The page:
The second Karanth - Getty award

Aditya Joshi sets the spotlight on Central India
Friday, October 15th, 2010
Aditya Joshi, recipient of the Karanth - Getty Award and Dr Ullas Karanth

Aditya Joshi, recipient of the Karanth - Getty Award and Dr Ullas Karanth. Courtesy: S. Dalvi

Aditya Joshi, an unassuming member of the 2010 Master's in Wildlife Biology and Conservation Program was awarded the prestigious Ullas Karanth - J. Paul Getty award this year. This award, instituted to honor both academic and conservation excellence for the students of the Master's program, is in its second year of existence and Aditya is the third awardee. In addition to covering tuition and others costs of the course, this Fellowship also entitles Aditya to a travel grant to attend an international seminar to present results of his dissertation project.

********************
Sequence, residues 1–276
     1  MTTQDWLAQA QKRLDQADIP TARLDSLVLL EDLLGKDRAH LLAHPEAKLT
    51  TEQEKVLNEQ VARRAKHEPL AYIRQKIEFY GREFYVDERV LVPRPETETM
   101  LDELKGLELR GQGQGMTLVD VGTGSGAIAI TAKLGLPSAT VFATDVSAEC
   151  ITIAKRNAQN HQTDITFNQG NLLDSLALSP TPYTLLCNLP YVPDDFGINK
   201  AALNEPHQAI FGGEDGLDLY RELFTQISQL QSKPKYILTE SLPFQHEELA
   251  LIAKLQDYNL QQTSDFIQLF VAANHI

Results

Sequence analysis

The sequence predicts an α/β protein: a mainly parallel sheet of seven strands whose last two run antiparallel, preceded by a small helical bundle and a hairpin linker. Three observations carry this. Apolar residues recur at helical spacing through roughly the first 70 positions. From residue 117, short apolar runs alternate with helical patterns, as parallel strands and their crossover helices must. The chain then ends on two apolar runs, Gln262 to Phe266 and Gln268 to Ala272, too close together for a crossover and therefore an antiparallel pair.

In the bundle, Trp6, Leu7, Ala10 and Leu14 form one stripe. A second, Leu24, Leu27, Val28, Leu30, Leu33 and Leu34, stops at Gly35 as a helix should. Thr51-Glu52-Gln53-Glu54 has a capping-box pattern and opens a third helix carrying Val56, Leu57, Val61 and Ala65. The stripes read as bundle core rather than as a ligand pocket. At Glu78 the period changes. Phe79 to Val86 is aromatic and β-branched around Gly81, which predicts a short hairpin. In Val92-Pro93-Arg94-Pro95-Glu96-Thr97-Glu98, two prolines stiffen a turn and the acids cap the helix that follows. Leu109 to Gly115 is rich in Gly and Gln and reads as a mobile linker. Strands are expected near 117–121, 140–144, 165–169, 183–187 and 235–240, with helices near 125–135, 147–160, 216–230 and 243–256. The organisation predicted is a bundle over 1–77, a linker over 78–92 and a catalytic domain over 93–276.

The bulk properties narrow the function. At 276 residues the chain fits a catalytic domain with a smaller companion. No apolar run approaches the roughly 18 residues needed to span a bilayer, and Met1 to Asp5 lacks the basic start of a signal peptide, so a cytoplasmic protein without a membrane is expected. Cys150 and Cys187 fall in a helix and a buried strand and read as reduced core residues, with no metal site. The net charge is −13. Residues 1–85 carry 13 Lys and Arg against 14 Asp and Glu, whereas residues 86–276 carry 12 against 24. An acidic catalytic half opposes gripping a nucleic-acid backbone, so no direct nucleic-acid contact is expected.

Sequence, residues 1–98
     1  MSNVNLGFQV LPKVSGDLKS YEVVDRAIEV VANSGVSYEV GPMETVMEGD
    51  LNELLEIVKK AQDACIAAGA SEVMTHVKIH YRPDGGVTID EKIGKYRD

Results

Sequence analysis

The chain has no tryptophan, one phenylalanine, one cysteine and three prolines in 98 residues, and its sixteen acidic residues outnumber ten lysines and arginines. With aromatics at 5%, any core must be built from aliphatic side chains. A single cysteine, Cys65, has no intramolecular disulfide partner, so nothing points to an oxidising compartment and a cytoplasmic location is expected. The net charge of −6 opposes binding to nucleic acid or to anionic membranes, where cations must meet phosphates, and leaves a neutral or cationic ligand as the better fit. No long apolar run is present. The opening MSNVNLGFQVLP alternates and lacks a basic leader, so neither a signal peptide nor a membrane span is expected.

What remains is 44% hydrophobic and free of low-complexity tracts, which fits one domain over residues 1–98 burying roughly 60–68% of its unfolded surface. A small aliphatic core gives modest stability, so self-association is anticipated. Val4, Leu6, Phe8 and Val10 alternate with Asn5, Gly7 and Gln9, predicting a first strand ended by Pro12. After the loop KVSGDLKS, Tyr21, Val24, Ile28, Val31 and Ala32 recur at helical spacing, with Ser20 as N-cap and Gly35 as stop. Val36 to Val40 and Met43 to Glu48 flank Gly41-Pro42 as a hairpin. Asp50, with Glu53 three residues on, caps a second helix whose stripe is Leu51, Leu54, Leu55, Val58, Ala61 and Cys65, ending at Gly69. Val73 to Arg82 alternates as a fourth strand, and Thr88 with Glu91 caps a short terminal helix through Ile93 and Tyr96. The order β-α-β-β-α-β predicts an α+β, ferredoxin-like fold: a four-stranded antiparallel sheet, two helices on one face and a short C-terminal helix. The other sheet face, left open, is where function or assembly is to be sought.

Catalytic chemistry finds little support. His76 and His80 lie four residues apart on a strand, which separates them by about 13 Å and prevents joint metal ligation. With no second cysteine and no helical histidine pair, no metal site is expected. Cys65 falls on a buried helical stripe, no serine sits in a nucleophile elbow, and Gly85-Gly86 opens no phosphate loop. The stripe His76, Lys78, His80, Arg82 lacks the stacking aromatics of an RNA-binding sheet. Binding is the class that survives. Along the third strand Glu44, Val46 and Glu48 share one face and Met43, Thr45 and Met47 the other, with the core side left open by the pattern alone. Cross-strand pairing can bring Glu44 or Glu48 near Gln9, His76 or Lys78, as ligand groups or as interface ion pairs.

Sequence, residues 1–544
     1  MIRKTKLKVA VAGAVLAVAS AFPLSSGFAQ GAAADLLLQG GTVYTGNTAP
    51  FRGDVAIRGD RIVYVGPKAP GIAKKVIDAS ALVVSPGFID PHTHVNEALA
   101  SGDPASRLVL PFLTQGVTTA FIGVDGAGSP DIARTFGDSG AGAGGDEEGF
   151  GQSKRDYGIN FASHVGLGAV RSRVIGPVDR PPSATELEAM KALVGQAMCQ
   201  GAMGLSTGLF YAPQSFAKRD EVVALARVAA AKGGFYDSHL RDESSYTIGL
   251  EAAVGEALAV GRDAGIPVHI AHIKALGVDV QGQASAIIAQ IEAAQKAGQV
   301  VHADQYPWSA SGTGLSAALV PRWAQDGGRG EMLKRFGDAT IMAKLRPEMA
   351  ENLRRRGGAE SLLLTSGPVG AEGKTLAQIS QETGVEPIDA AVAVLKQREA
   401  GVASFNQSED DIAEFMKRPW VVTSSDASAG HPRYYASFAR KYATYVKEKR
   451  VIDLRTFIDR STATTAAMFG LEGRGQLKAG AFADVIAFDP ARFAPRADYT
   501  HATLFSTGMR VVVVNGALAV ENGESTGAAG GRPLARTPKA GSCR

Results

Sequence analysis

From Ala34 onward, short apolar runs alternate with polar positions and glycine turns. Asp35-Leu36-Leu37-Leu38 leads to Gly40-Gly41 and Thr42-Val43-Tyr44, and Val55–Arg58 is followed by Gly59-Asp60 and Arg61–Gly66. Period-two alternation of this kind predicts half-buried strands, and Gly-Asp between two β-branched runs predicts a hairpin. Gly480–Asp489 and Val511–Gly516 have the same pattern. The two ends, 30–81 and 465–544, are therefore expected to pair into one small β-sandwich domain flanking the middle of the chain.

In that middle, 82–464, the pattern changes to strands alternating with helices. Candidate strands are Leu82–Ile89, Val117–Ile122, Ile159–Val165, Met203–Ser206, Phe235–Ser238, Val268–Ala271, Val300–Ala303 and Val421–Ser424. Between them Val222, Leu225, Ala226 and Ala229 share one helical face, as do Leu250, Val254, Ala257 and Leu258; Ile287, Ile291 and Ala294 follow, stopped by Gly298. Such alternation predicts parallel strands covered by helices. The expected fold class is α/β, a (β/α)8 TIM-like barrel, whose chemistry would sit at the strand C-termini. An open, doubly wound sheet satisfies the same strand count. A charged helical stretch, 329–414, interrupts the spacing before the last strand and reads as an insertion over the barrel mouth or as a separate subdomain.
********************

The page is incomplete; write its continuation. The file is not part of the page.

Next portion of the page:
His classmates cite many reasons based on which they believe that Aditya deserves the award. Overcoming skepticism, Aditya carried out one of the first studies on the genetic connectivity of tigers between six protected areas in Central India. Through hard work both in the field and the lab, his Master's thesis has already begun creating waves in Indian tiger biology and conservation. Originally trained as a biotechnologist, Aditya has donned many hats during his two years at NCBS, leading the production of a short documentary about the vultures at Ramnagaram, providing the first picture of the rare Blue Nawab butterfly and rescuing snakes from conflict with humans. What is more remarkable is his presence of mind, which has saved the life of a snake-bite victim and his modesty in the face of his achievements. Aditya plans to continue working on large carnivores in the Central Indian landscape, and is already planning work in the Nagzira Wildlife Sanctuary, Maharashtra through collaborations with the Wildlife Trust of India.


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